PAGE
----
Girls’ education is heralded as one of the greatest opportunities of our time to tackle the biggest global challenges, including population growth and climate change. Yet millions of girls are denied an education because of poverty; the highest rates of exclusion are in sub-Saharan Africa. If we are to unlock the unparalleled returns from girls’ education for the benefit of humanity, the world needs a new solution, one that not only ensures millions more girls join school, but enables them to capitalize on their education and step forward as leaders. Our project, SISTER, creates post-school opportunities for young women linked to their leadership in supporting marginalized girls in school. The result is an ever-multiplying number of girls who join school, succeed and then lead change for the younger generation. Within 5 years, SISTER will support 5 million marginalized girls in secondary school, and open the gates to millions more.
CAMFED Internationalwebsite: https://www.camfed.org
Charity, fund, non-governmental organization, religious institution, school, or other entity
The fundamental benefit to humanity of girls’ education is widely acclaimed by leading economists, most recently for its impact on climate change and its potential to unlock Africa’s demographic dividend. Despite progress in school enrollment globally, millions of girls remain excluded (96.5 million globally). The highest rates of exclusion are in sub-Saharan Africa where 52.2 million girls are outside school. Disparities increase further up the education system; only 1 in 4 girls who enter primary school reach the end of secondary. Poverty is the greatest barrier and lies behind the many causes of girls’ exclusion. It is a key driver of practices like early marriage; in Tanzania, 49% of the poorest girls are married before 18. If girls do complete school, they graduate into communities where there is a dearth of jobs, and they lack access to the capital, connections and assets to create their own employment. Consequently, they face an abyss of opportunity after school — the only perceived safety net being early marriage or migration leading to extreme vulnerability. We are therefore only realizing a fraction of the possible returns of girls’ education, because so much potential lies latent if young women graduating from secondary school cannot capitalize on their education. The world needs an urgent solution that not only enables all girls to go to school, but that opens up their pathways to a secure livelihood beyond school and ultimately, positions of leadership. In this way, we can unlock the full returns of girls’ education.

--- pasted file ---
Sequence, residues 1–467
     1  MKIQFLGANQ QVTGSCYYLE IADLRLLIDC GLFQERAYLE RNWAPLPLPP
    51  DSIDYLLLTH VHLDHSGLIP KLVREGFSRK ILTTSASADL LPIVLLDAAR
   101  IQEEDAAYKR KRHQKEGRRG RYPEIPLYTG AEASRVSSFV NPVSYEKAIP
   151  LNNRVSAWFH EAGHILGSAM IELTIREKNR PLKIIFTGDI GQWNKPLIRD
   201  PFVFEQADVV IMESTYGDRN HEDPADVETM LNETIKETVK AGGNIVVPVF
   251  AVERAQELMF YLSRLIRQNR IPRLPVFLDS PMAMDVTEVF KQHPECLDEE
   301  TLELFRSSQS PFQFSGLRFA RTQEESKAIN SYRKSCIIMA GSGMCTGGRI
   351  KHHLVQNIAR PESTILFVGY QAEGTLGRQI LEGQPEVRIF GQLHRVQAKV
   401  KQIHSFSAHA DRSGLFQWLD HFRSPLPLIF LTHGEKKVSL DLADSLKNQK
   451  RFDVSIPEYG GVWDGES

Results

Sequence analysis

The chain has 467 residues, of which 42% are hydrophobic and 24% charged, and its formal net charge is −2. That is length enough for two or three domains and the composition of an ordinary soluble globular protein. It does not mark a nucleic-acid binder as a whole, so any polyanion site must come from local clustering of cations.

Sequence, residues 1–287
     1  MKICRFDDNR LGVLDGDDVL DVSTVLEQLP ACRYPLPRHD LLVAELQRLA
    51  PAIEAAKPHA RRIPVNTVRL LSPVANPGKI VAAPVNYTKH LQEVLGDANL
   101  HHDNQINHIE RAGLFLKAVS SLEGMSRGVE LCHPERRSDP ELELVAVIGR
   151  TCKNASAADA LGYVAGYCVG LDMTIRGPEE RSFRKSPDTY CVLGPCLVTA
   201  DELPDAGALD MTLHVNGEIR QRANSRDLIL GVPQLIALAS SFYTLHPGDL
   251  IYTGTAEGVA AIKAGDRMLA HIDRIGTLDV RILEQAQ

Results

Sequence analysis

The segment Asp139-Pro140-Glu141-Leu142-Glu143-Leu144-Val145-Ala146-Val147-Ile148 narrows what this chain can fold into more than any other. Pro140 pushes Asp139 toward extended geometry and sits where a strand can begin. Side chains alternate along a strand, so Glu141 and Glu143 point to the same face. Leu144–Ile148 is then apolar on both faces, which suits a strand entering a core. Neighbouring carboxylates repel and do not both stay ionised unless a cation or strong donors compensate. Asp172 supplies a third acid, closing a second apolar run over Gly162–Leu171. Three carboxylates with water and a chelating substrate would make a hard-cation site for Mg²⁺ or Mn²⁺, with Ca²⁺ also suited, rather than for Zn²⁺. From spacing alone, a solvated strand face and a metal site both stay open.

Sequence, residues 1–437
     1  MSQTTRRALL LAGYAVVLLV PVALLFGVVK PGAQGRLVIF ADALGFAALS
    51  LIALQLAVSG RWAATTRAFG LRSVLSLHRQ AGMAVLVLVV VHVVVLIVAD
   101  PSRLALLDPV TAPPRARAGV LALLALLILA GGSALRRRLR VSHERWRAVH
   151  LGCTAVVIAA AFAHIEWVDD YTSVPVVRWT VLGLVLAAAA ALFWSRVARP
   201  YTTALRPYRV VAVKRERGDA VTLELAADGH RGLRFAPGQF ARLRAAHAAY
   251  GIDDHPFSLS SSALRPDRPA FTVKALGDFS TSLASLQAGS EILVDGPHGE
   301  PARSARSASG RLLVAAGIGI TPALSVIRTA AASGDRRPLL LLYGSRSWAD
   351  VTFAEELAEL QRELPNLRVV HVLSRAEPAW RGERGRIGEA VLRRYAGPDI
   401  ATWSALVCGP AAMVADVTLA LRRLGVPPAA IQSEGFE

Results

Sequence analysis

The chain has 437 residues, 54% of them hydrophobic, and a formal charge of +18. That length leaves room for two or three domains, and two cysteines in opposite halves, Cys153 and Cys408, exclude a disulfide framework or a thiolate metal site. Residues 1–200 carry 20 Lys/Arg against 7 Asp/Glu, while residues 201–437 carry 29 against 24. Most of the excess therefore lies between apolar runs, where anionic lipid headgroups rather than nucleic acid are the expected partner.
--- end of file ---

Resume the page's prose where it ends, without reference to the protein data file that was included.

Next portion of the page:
Our solution – SISTER – tackles the problem of girls’ school exclusion by addressing the dearth of post-school opportunities for young women. It creates pathways of opportunity for young women that are linked to their leadership in supporting marginalized girls in their community to go to school. The result is an ever-multiplying number of girls who join school, succeed, and step up as leaders for the younger generation. Through SISTER, young women are offered skills training and soft loan capital to start small-scale enterprises or pursue further education after completing school. Instead of paying financial interest on loans, they repay in the form of ‘social interest’ by taking on accredited volunteer roles in schools and communities to support marginalized girls. SISTER is coordinated by CAMFED’s Alumnae of young women leaders in sub-Saharan Africa, currently numbering 140,000 and growing to 300,000+ within 3 years. Young women who join SISTER provide peer support, share good practice and use their collective voice. As experts on what it takes to support the most marginalized girls, they collaborate with local and national authorities to tackle the systemic barriers to girls’ education. Through connection to other young leaders in the Obama Foundation’s Girls Opportunity Alliance, SISTER will inspire action and replication of good practice in girls’ education globally. Within 5 years, SISTER will directly result in 5 million girls who would otherwise be excluded, continuing their education through secondary school in sub-Saharan Africa. Indirectly, millions more girls will benefit through the growing movement of girls’ education.